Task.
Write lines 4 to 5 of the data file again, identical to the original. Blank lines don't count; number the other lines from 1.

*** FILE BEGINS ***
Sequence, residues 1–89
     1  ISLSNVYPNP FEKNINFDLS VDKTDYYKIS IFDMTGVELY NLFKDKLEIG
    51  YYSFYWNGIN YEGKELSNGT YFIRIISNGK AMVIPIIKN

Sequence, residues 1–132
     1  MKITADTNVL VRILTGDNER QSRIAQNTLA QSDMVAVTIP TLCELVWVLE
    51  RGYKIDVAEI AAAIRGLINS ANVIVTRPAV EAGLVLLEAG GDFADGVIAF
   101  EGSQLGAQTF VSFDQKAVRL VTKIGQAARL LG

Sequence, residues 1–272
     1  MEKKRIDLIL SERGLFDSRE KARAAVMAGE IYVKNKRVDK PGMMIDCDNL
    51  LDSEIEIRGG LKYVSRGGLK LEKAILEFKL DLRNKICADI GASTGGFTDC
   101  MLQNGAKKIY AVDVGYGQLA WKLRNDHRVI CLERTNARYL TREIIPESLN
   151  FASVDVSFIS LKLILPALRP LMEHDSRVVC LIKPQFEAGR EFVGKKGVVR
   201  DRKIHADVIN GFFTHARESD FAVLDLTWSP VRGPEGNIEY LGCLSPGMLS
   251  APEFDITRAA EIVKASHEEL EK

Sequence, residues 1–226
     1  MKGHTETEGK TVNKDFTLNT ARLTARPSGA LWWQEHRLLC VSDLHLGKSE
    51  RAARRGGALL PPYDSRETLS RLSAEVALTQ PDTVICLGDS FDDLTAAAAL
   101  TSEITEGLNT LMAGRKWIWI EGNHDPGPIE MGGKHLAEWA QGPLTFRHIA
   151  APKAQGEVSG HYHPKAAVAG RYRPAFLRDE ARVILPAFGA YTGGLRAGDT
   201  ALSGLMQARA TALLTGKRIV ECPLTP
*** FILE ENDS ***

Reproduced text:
Sequence, residues 1–132
     1  MKITADTNVL VRILTGDNER QSRIAQNTLA QSDMVAVTIP TLCELVWVLE